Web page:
I want to share some of the insights I have received from leaders in the sports world and the business world. I have had some amazing guests on The Athletics of Business podcast, and I’d like to distill some of that valuable information today as I tell you about how champions think.
Understanding the difference between the best versus my best is a key concept, and whatever your niche, from basketball to sales, you need to get them straight in your mind. How can you be at your best as a teammate? Because you have to be at your best so that I can be at my best — which matters when you’re part of a team.
How champions think is a significant subject, but I hope you find some insights to help you on your leadership journey in this blog post.
Preparation is Your Separation
One of the challenges today is the confusion wrapped around intentions versus intentional. In its simplest form, success lies in simplicity, but chaos lives in sophistication. To simplify things, what I mean by that is that many people have good intentions. Intentions are the things that we want to do; they are the things that we write down on our paper, the things we read, the things that we’re going to do at some point.
And that’s the killer — at some point.
By contrast, intentionality is figuring out the things that I need to do and actually doing them. For example, maybe my intentionality each day is to read for a minimum of one hour every day or to find some alone time to take a pause and reflect on what’s going on. Intentionally is having goals, desires, and standards and choosing the behaviors that are in the service of attaining the goal.
Champions in the Business World
To relate the world of business to the world of sports, I want to tell a story that Kevin Eastman told me about Ray Allen that illustrates that the brilliance was in his preparation. If you’re a fan of the NBA, you might remember the shot that Ray made in the San Antonio series, but if you didn’t let me paint you a picture — LeBron takes the three and misses it, Chris Bosh gets the rebound, and Ray had the presence of mind to know they were down. Ray backpedals to behind the three in the right corner; he doesn’t look down because he knows he’s in the right place. So Chris throws in the pass, Ray shoots it, and he makes it.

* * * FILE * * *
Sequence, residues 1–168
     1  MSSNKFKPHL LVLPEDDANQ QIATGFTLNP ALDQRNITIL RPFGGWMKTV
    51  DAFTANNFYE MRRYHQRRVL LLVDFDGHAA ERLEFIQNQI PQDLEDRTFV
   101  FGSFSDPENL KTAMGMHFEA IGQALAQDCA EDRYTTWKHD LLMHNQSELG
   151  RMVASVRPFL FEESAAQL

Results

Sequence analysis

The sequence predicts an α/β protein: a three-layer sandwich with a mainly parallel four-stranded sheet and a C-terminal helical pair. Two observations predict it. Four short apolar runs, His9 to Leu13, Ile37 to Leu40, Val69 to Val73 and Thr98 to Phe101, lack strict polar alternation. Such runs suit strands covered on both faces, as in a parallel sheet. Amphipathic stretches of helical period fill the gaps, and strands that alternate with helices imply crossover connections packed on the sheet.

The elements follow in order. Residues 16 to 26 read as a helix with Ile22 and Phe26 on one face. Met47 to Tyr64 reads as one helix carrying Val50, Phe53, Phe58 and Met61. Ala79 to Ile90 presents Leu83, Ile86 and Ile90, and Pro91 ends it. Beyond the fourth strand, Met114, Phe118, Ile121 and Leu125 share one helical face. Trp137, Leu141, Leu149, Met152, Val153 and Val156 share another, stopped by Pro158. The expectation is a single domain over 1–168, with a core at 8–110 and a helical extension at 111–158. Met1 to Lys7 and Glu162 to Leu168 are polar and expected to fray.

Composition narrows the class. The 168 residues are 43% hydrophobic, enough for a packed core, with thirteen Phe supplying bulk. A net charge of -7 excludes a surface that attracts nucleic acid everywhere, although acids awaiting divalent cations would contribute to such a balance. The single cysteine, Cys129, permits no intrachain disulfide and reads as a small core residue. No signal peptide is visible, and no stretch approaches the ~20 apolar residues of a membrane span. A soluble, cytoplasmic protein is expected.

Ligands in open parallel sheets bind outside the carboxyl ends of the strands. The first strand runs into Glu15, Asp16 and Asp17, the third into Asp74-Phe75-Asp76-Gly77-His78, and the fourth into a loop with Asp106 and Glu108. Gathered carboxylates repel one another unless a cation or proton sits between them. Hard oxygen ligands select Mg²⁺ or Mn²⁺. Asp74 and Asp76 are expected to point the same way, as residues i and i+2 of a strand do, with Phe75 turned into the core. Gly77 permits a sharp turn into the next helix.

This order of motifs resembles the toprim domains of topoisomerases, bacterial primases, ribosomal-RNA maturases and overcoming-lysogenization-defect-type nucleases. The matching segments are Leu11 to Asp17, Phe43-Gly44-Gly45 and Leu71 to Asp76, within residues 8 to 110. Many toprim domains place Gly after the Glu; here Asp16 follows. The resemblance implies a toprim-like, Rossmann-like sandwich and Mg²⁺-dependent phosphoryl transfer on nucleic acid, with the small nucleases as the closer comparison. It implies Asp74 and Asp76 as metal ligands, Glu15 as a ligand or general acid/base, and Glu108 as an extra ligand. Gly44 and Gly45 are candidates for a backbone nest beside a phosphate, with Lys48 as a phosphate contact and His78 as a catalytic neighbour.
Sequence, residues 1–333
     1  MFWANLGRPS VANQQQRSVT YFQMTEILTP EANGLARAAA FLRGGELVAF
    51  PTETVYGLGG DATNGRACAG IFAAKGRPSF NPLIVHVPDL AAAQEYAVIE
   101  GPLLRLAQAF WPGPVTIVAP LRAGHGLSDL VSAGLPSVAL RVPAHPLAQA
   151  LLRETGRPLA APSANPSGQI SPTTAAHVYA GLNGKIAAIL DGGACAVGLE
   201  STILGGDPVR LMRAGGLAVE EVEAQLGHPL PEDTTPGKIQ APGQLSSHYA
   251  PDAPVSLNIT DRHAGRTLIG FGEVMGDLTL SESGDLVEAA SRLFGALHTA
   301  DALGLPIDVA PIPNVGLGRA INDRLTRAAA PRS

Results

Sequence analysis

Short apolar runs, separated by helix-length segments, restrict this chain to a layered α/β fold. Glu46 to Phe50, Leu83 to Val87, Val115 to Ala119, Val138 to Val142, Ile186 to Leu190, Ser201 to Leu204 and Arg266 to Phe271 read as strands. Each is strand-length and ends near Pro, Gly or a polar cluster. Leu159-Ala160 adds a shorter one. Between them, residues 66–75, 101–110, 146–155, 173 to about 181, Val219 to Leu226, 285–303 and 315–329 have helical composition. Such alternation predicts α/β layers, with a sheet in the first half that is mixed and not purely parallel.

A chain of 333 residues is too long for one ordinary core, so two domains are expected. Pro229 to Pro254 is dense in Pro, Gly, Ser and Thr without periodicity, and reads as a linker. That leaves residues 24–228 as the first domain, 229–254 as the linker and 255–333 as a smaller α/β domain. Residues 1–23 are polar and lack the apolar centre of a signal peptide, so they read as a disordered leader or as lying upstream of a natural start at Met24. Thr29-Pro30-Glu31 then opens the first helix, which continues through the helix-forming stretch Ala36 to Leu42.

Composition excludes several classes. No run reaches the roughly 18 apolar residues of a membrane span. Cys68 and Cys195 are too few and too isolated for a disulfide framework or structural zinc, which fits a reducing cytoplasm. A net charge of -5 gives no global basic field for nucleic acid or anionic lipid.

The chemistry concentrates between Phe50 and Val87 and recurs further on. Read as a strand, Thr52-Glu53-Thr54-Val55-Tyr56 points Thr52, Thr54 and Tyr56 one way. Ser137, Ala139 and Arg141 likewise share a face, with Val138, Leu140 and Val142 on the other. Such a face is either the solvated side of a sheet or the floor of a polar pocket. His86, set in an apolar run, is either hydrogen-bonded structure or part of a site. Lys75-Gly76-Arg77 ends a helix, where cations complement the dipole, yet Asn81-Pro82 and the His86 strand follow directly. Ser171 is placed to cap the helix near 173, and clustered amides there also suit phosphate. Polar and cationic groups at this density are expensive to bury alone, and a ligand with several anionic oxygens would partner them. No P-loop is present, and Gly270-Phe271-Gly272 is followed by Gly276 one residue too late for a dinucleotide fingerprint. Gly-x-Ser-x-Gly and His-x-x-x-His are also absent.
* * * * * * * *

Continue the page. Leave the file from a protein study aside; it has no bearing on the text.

Wow — he’s so lucky to make that shot, right?
Wrong. It wasn’t luck at all. Ray actually did a drill where he started in the middle of the lane, he would backpedal to some point behind the three, and the coach would throw on the ball, and he’d shoot it. Ray had been there 1000s of times before that shot took place in the game. That’s preparation.
Preparation is Key in How Champions Think
Champions are prepared; they know that whatever it is that you’re about to do, if it’s something that might even be a little daunting, might add a little pressure to you, then preparation trump’s pressure every time. If you’re prepared, then you have the opportunity to go into a situation feeling the best that you can. For Ray Allen, preparation became his separation, it’s how he felt he got better, and there is no reason why it can’t be yours too.
When I talk to sales teams, I often talk about the importance of preparation — because if there is one thing that links elite sports teams and elite teams in business, it’s hard work. For Steph Curry working on his shot every day is the single most important thing that he does.
So why aren’t you working on your sales presentation every day?
When you put the time and the effort in to hone your skills and get better and better and better, then you are equipping yourself for success. Achieving your best is what you have control over for yourself and for your team. Top-flight athletes and top-class leaders in business understand that when you are prepared when you have worked hard to be at the top of your game, you are serving your teammates in a way that enables you to be great together.
For more golden nuggets on how champions think or if you’re interested in developing your leadership skills further, check out the rest of the blog series, or tune in to The Athletics of Business podcast, where I discuss all aspects of leadership with a variety of inspiring leaders from the world of sports and business.